If you see a small, worm-like insect crawling across your floor, you might have millipedes in the house. Or, you might have centipedes. These two invertebrates are often confused by people, and each have their own benefits when found in nature.
Before we get into the basics between them, let’s answer a couple of quick questions.
- Are centipedes and millipedes poisonous? Centipedes are considered poisonous, but millipedes are not. There are a few species of each that can cause a reaction in humans, though. Most people will not experience any lasting reactions to a millipede or centipede encounter. However, you should contact a medical professional immediately for assistance with any symptoms or reactions.
- Do millipedes bite? No. Millipedes, when threatened, will excrete a fluid from glands on their legs. This fluid is an irritant that can cause blisters or discomfort. Centipedes, however, will bite when provoked, and their bite does contain venom. The bigger the centipede, the more painful the bite.
With that out of the way, let’s take a look at these creatures and their benefits. When it comes to millipedes, facts show that these many-legged invertebrates help with plant decomposition.
Millipedes or centipedes — anatomy
Millipedes are usually brown. Their bodies are an elongated, cylindrical shape that can sometimes appear flat. Adults can be one-half of an inch to 6.5 inches long. Despite their nickname, “thousand-leggers,” most have fewer than 100 legs. Even with all of those legs, these arthropods move slowly. When provoked (or resting) millipedes will curl up.
Centipedes are also typically brown. They have elongated bodies but appear flattened instead of cylindrical. Adults of the most common species are more than an inch long, and they have an average of 30 legs — not the 100 legs that their name would suggest. Their legs are longer than millipede legs, which enables them to move quickly across surfaces. Centipedes do not curl up when bothered.
Millipedes in habitats versus centipedes
They are often found in mulched areas, under dead leaves or woodpiles and in gardens or areas where organic matter is present. They eat dying or decaying plant matter and only rarely pose a threat to healthy plants. Millipedes may sometimes wander indoors in search of food or shelter but usually die, due to lack of moisture.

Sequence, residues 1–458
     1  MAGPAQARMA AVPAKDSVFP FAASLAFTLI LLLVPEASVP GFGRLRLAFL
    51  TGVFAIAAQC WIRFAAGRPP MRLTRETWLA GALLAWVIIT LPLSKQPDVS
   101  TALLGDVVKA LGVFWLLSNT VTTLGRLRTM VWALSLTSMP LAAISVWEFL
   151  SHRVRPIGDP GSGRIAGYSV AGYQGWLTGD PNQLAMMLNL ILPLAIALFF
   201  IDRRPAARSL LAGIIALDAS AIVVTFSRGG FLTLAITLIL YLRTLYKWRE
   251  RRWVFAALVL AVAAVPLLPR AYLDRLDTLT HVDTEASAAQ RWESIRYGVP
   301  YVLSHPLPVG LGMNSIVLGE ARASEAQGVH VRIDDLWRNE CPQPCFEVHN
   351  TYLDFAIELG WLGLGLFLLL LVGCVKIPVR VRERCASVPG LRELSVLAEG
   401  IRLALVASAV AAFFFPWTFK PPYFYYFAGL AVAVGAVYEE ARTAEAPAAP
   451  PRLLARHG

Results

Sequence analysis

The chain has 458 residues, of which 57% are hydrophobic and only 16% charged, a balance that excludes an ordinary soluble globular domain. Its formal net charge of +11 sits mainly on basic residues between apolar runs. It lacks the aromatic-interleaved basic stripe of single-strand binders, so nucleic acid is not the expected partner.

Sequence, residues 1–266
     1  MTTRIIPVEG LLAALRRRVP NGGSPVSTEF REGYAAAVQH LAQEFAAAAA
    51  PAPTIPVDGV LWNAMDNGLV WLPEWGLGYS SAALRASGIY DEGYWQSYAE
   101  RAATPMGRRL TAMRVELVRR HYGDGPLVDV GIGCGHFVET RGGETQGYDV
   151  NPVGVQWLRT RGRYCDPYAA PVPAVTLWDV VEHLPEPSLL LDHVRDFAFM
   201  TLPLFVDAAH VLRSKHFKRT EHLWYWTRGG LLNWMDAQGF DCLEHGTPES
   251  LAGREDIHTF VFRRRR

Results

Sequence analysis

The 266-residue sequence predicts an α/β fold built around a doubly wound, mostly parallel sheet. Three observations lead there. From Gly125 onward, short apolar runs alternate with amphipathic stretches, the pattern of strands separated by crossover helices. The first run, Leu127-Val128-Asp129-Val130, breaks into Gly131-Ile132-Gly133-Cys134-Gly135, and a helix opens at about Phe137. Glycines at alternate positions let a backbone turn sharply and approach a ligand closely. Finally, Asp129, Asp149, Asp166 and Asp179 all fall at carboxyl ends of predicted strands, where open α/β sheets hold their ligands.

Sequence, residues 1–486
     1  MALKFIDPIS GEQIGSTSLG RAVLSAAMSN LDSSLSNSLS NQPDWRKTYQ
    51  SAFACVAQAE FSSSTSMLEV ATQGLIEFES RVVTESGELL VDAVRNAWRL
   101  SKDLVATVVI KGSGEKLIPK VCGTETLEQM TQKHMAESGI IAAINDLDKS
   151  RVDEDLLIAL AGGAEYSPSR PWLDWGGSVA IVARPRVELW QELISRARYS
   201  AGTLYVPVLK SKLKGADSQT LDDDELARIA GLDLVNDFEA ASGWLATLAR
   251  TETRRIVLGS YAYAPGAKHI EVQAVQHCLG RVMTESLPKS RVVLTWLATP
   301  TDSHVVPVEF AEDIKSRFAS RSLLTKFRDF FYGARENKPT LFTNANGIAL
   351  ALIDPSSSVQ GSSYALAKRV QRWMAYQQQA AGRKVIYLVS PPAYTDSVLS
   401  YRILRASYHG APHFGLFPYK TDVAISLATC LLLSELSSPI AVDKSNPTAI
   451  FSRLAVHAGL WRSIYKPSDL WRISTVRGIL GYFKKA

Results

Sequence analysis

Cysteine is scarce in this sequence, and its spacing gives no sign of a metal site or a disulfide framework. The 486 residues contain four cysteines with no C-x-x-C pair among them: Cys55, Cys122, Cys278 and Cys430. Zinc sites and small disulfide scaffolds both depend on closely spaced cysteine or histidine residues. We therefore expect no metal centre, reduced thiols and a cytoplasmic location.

If you are seeing millipedes indoors in large numbers, you should check for water leaks and cracks in exterior walls. It is also possible that your home is in the path of a millipede migration. If that is the case, there is not much you can do, other than removing millipedes as you find them.
Centipedes seek out hiding places that are moist and dark. This means you may find them below stones, in mulched areas or under piles of wood. Indoors, centipedes are sometimes found in areas where insects are present, including damp locations in bathrooms, closets and basements. They are nocturnal and hide during the day. Unlike millipedes, centipedes eat insects instead of plant matter. Common insects eaten by centipedes include: cockroaches, flies, crickets and other small insects.
Controlling and preventing millipedes or centipedes
Millipedes found indoors can be swept back outside or vacuumed up and disposed of. Centipedes can be removed the same way, but care should be taken to avoid touching them, lest they bite.
Outdoors, removing the habitat for both invertebrates can reduce their numbers. This can be accomplished by moving leaves, mulch and woodpiles away from the home’s foundation. You should also check for areas where moisture builds up and eliminate them.
Centipede numbers will also decrease when their food source is removed (both indoors and outdoors). Both millipedes and centipedes are considered beneficial, due to their role in plant decomposition and insect control.
If you are seeing large numbers of millipedes or centipedes in your home, it could mean you have a moisture problem. Go online to get your FREE Pest Estimate and find out how Terminix® can help you.